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Absolute Liability: Concept and Significance
Following the infamous "oleum gas leak case," the idea of absolute culpability was developed in India. One of the landmark cases in Indian law is this one. The term strict responsibility or liability was first time used in the M.C. Mehta case, but no exceptions were provided and the defendant was held entirely responsible for the incident caused by his servants’ negligence. According to the ruling in the Ryland v. Fletcher case, the defendant will not be permitted to raise a defense if he or she was at fault.
Meaning of Absolute Liability
There was an urgent necessity to create a rule under strict responsibility that had no exceptions accessible to the defendant to escape the obligation after the Bhopal gas leak case. Many people died as a result of the Bhopal gas leak, and generations of people are still suffering from some of the most heinous diseases. In comparison to the rules established by the House of Lords in the case of Ryland v. Fletcher, the rule established by the Honorable Supreme Court of India is far more expansive. The Supreme Court stated that a business will be held strictly and completely accountable to pay all individuals who are harmed by an accident if it is involved in a hazardous or intrinsically risky activity and any injury is caused to anybody as a result of the accident while it is operating.
The strict responsibility norm and absolute liability are often regarded as legal exceptions. And only when the person is at fault is he or she held accountable. However, even if the person is not at fault in certain situations, they may still be considered guilty. The Public Liability Insurance Act, 1991, was created following the disastrous Oleum Gas Leak Case catastrophe with the primary objective of giving quick redress to those who are victims of accidents involving the handling of dangerous chemicals. The goal of this legislation was to establish a public liability insurance fund that would eventually be utilized to compensate the victims. According to this legislation, a hazardous material is any substance that has the potential to harm people, other living things, plants, microorganisms, property, or the environment due to its chemical composition or other attributes. Section 2(c) of the Public Liability Insurance Act of 1991, which expresses the rule of absolute liability established in M.C. Mehta v. Union of India, defines the term “handling.”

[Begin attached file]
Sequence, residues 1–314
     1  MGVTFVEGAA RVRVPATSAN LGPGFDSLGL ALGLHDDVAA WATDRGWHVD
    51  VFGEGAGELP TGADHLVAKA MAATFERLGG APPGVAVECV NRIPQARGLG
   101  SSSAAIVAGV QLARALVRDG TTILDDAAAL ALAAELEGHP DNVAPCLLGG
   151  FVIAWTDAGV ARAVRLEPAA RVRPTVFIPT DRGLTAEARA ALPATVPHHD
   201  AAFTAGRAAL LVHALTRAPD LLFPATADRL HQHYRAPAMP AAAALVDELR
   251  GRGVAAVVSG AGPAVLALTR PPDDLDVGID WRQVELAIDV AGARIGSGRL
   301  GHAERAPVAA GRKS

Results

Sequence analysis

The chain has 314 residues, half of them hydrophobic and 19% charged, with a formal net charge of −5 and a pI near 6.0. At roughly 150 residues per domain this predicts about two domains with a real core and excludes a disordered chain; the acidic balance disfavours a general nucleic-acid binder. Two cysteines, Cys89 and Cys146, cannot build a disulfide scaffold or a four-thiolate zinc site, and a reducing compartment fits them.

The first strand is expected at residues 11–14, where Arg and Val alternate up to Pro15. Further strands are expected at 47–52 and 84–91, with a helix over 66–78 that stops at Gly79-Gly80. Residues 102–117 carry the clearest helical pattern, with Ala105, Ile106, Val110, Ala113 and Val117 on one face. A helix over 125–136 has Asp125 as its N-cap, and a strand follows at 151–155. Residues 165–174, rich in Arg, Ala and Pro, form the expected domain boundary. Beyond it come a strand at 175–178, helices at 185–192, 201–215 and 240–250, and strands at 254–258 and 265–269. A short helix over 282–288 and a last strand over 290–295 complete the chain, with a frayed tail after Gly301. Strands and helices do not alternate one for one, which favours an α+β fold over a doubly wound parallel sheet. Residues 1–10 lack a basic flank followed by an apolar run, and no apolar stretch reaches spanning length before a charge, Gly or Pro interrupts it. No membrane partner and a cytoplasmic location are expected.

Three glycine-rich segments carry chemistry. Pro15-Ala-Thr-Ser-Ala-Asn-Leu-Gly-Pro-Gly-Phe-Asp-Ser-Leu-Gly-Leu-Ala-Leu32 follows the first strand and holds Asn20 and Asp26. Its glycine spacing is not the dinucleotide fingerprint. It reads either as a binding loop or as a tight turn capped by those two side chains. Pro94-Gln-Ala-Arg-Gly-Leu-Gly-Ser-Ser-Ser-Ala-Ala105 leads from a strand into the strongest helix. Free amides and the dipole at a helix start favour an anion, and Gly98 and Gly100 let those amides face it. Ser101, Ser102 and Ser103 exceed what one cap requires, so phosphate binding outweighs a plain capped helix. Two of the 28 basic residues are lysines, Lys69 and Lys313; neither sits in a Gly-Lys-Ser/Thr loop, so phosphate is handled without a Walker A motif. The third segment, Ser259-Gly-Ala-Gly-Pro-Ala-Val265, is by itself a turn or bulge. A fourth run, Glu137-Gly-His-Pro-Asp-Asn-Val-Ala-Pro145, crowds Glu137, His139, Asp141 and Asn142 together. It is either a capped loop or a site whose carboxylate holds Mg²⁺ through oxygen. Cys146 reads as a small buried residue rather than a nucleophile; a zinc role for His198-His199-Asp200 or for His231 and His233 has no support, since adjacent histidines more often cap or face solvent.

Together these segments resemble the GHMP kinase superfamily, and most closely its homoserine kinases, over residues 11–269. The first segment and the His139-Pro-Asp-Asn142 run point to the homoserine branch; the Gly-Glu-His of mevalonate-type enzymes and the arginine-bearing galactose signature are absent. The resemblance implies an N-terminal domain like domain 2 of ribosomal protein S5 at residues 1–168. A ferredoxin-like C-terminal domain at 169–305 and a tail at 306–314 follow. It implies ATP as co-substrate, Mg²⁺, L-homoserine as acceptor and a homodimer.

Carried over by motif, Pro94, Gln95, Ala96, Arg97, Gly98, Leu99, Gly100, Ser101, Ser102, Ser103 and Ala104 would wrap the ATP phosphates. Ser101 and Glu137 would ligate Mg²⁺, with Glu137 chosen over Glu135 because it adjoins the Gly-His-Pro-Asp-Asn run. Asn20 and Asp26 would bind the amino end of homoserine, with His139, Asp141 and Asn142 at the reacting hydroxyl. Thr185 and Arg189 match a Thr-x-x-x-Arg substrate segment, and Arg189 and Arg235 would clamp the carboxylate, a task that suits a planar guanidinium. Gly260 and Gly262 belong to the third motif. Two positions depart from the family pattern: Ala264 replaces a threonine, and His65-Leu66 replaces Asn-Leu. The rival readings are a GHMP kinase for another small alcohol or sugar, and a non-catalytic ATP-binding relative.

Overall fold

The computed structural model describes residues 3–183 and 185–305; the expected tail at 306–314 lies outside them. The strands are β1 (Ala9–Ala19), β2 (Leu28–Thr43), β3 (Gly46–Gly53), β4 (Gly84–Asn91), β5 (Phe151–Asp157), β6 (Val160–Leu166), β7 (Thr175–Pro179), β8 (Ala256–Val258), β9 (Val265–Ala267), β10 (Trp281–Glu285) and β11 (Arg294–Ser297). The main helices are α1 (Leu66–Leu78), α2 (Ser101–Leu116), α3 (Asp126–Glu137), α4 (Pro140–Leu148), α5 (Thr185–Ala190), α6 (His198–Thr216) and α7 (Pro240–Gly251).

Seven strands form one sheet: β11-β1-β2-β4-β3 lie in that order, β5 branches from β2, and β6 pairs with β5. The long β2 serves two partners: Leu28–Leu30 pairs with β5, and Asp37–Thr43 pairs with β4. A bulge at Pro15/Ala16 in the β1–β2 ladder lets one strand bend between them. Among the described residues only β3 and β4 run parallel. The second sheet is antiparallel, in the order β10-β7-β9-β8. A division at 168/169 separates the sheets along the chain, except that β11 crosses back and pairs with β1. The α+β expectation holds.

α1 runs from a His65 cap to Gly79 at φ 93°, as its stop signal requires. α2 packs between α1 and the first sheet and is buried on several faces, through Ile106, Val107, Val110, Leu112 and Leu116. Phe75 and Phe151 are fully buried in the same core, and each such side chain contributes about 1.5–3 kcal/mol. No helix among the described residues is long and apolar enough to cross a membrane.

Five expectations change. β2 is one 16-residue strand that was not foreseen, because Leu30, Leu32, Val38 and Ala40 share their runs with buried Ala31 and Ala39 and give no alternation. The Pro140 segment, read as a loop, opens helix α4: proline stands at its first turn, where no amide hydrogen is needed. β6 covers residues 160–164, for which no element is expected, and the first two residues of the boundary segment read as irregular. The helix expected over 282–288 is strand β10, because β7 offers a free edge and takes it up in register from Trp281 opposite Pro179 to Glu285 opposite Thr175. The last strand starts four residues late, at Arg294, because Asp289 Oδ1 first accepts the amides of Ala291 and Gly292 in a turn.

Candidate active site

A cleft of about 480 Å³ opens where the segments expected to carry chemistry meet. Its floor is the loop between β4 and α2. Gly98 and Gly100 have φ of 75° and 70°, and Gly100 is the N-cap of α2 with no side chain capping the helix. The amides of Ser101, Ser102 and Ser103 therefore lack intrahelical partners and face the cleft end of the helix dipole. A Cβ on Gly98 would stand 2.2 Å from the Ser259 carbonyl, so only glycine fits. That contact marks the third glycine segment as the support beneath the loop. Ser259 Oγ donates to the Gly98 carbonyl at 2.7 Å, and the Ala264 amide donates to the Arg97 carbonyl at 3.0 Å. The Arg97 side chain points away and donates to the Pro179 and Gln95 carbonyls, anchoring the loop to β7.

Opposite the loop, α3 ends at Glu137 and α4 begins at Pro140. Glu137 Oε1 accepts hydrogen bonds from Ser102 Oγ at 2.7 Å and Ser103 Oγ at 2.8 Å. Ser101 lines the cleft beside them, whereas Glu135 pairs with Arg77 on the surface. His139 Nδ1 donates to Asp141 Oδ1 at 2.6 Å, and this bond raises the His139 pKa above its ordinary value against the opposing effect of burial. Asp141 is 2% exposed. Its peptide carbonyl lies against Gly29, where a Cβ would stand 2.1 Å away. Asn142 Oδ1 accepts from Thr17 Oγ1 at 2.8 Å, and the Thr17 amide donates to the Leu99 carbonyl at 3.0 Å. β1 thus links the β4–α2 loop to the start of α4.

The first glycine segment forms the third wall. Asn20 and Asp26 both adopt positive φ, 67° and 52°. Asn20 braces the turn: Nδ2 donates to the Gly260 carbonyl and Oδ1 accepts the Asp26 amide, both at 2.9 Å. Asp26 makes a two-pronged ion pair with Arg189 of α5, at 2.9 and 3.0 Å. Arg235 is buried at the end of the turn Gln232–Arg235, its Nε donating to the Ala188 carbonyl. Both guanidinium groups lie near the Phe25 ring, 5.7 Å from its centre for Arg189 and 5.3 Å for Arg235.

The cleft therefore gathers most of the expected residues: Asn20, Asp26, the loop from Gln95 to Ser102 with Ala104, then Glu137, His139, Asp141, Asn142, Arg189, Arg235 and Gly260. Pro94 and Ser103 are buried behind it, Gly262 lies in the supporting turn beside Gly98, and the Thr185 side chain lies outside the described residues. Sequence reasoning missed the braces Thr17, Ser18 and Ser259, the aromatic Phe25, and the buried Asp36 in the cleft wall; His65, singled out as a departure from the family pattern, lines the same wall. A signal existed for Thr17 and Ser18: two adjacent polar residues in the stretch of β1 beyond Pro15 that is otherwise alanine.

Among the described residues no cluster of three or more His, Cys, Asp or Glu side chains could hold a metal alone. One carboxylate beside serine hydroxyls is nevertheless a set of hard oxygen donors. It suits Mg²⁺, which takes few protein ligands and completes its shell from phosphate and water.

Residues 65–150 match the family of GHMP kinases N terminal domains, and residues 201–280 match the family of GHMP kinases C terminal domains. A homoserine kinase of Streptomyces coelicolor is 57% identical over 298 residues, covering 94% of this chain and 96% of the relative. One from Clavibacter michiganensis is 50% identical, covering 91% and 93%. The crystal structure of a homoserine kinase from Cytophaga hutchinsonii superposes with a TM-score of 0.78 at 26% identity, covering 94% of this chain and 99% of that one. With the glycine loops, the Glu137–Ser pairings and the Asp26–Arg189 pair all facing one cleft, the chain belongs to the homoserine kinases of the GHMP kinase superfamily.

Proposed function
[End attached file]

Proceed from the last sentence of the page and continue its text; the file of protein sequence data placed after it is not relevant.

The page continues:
Important Components of Absolute Liability
It includes −
Hazardous item − Only when a harmful object has escaped from the owner's property, whether because of negligence or an accident, owner/s will be held accountable. Additionally, if the object escapes, it might cause injury to both people and property. Numerous strict liability cases have found the following things to be dangerous: a substantial pool of water, electricity, gas, explosives, smells, corroded wires, etc.
Escape − The defendant is completely responsible for any harmful material that escaped from their control and caused damage to the people living or passing nearby or their property. In the case of Lyons and Co. v. Read, the plaintiff was employed by the defendant's manufacturing company. as she went about her business When a manufactured product exploded, she was severely injured. According to the court, the plaintiff was on the job when the accident occurred, and she was fulfilling her task. The court ruled that the defendant cannot escape his obligations and that the strict liability concept is not applicable in this case. The accuser was held responsible.